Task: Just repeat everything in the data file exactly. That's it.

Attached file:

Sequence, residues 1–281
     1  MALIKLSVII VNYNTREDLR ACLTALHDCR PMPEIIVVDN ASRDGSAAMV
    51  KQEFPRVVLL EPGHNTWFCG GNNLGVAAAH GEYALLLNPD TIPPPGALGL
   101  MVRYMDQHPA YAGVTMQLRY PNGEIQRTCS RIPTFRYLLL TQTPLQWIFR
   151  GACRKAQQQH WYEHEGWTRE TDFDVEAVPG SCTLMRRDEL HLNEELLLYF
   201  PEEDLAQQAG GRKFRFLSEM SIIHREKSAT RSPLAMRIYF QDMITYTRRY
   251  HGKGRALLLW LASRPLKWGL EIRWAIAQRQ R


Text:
Sequence, residues 1–281
     1  MALIKLSVII VNYNTREDLR ACLTALHDCR PMPEIIVVDN ASRDGSAAMV
    51  KQEFPRVVLL EPGHNTWFCG GNNLGVAAAH GEYALLLNPD TIPPPGALGL
   101  MVRYMDQHPA YAGVTMQLRY PNGEIQRTCS RIPTFRYLLL TQTPLQWIFR
   151  GACRKAQQQH WYEHEGWTRE TDFDVEAVPG SCTLMRRDEL HLNEELLLYF
   201  PEEDLAQQAG GRKFRFLSEM SIIHREKSAT RSPLAMRIYF QDMITYTRRY
   251  HGKGRALLLW LASRPLKWGL EIRWAIAQRQ R